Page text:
1: Declining Subscriber Revenues
It’s no secret that the subscription television and pay TV train has been losing speed as of late. As consumers move to on-demand OTT and digital video content from the likes of Amazon Prime Video and Netflix, cable TV packages and premium channels have been losing influence in households across the world, and especially in the US. As of 2020, the overall penetration of pay TV in US households dropped to 60%, which is the lowest number since 1994. Of course, economic hardship as a result of COVID-19 takes part of the blame for this mass cord-cutting. But, some speculate that the pay TV model is dwindling regardless, overshadowed by the current boom of OTT and on-demand platforms.
2: OTT and Digital Video
The threat that on-demand video platforms pose for pay TV is justifiably big enough to have its own section here. Once considered a marketing and sales ally by subscription TV networks (e.g, Netflix’s championing of Breaking Bad led its final season on AMC to be a smash hit), those same on-demand platforms began to tempt subscribers away with huge content libraries, ease of access and attractive monthly price points. So much so, that most people now immediately think of Netflix when you mention Breaking Bad. There are a number of reasons why pay TV faces a steady decline in the face of OTT and digital video, but perhaps most pertinent is the accessibility. Firing up your laptop or phone with a standard internet connection and a Netflix subscription can now give you access to premium content once reserved for the most exclusive of cable TV packages. Expensive set-up fees and lengthy contracts only serve to alienate and confuse customers.
3: Fixed Term Contracts
As the name suggests, subscription TV services require viewers to… well, subscribe. Subscription contracts are usually in the form of a fixed term for 12, 18 or even 24 months. This leaves consumers locked into seemingly never-ending payment plans, regardless of a change in circumstances or a change of heart. Additionally, providers like to push bundle subscriptions where consumers end up paying for broadband and phone lines alongside their TV subscription, despite cheaper separates being available. For the most part, you get your money’s worth with network-based subscription TV – the volume of available channels is hard to match! But with well over 1000 channels available with a Sky TV subscription, and the fact that a large portion of consumers now supplement their viewer habits with online OTT platforms, it’s highly unlikely that the average consumer is taking advantage of all of that content. Ultimately, expensive fixed-term contracts coupled with an overload of content leaves subscription TV subscribers yearning for more flexibility.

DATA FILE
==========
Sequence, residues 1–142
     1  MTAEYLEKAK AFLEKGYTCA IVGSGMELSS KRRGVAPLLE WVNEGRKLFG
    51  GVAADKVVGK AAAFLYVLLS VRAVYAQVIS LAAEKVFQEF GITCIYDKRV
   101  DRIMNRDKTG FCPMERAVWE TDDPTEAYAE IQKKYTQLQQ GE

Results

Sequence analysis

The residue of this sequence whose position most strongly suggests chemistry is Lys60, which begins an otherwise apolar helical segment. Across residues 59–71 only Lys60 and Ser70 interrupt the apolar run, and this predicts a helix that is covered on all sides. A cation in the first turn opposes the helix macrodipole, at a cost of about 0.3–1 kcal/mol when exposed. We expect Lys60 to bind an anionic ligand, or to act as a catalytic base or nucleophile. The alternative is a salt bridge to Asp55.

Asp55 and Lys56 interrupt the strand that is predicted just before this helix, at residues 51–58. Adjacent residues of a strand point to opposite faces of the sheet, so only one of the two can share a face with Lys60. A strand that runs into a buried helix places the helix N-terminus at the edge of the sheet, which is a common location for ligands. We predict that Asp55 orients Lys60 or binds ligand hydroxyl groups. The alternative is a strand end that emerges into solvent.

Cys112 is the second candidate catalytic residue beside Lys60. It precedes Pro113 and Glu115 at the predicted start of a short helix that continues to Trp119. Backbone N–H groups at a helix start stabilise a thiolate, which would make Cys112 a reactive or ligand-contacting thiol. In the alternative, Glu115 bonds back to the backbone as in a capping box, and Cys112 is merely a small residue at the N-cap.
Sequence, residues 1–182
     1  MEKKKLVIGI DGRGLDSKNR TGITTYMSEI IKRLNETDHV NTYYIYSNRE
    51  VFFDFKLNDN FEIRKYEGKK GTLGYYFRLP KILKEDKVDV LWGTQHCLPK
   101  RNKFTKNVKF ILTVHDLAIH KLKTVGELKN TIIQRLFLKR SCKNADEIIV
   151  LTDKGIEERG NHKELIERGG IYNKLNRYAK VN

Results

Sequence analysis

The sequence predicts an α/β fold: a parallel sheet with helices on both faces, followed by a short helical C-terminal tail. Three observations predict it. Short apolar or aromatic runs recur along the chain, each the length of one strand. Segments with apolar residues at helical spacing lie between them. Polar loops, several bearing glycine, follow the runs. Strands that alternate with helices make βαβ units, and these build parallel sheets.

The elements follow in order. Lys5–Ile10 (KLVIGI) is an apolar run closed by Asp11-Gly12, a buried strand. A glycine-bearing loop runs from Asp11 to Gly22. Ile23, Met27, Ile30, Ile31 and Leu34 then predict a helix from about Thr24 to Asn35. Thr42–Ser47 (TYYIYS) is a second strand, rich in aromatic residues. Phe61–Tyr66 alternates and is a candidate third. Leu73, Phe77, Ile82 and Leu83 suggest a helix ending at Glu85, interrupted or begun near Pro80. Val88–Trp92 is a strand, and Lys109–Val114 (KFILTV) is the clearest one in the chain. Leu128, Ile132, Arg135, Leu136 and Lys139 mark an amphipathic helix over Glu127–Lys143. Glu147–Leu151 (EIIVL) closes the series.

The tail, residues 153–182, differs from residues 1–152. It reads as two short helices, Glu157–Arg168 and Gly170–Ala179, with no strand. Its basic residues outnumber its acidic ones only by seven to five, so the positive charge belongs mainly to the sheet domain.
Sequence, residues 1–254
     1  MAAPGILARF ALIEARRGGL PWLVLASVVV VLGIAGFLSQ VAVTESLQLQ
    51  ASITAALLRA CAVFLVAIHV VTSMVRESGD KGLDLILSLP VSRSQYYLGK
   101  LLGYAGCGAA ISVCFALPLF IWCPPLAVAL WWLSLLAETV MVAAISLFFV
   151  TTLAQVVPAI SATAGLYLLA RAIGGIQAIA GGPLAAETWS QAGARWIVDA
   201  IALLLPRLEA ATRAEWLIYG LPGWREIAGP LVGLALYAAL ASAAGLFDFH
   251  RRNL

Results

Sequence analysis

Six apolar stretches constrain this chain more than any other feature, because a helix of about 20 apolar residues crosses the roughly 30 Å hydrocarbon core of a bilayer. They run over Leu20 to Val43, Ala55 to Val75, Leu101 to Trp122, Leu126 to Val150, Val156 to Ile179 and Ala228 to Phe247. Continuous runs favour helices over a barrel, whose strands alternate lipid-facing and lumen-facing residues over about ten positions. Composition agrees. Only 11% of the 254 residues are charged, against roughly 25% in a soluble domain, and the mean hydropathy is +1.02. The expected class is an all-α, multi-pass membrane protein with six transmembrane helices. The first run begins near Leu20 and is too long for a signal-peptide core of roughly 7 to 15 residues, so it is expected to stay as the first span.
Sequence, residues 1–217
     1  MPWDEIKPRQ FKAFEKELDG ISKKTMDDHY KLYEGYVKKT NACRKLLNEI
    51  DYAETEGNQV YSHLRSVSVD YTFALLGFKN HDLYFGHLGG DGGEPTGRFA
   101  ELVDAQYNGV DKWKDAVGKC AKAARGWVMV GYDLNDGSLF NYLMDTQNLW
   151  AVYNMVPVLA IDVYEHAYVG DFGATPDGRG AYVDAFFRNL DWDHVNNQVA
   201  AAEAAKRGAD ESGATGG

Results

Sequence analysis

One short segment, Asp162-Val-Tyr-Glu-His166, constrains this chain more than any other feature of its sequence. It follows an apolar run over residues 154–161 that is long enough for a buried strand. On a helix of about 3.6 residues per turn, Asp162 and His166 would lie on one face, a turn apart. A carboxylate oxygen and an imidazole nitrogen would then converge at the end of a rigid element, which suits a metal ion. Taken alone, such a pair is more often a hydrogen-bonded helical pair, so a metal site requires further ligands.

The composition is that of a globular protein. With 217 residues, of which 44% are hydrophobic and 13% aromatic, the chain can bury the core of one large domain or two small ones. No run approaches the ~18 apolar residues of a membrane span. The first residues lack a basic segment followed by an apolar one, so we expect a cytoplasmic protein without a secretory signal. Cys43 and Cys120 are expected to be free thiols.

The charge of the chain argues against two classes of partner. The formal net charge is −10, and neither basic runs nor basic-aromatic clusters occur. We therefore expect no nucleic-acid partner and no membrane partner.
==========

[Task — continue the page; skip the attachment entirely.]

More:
Subscription television is still a force to be reckoned with. Chances are, it always will be (to an extent). Whilst adoption and penetration in more mature areas like the US is gradually waining, pay TV finds itself thriving in other parts of the world. In Asia, pay TV subscription numbers are expected to hit 630 million in total by 2026 – representing fantastic growth potential for broadcasters and platforms. We’re not so sure what pay TV might look like globally in 2026, but we’re excited to find out.
For broadcasters, it’s never enough to just keep up with technological advancements and trends. At PlayBox Technology, we place a huge emphasis on keeping ahead of trends in the broadcasting industry. Our data-driven approach helps us to provide unique solutions for our ever-expanding portfolio of broadcasters, who are always on the lookout for the best playout solutions and cloud playout solutions to power their workflows. Looking to start broadcasting with PlayBox? Book a free demo or get in touch.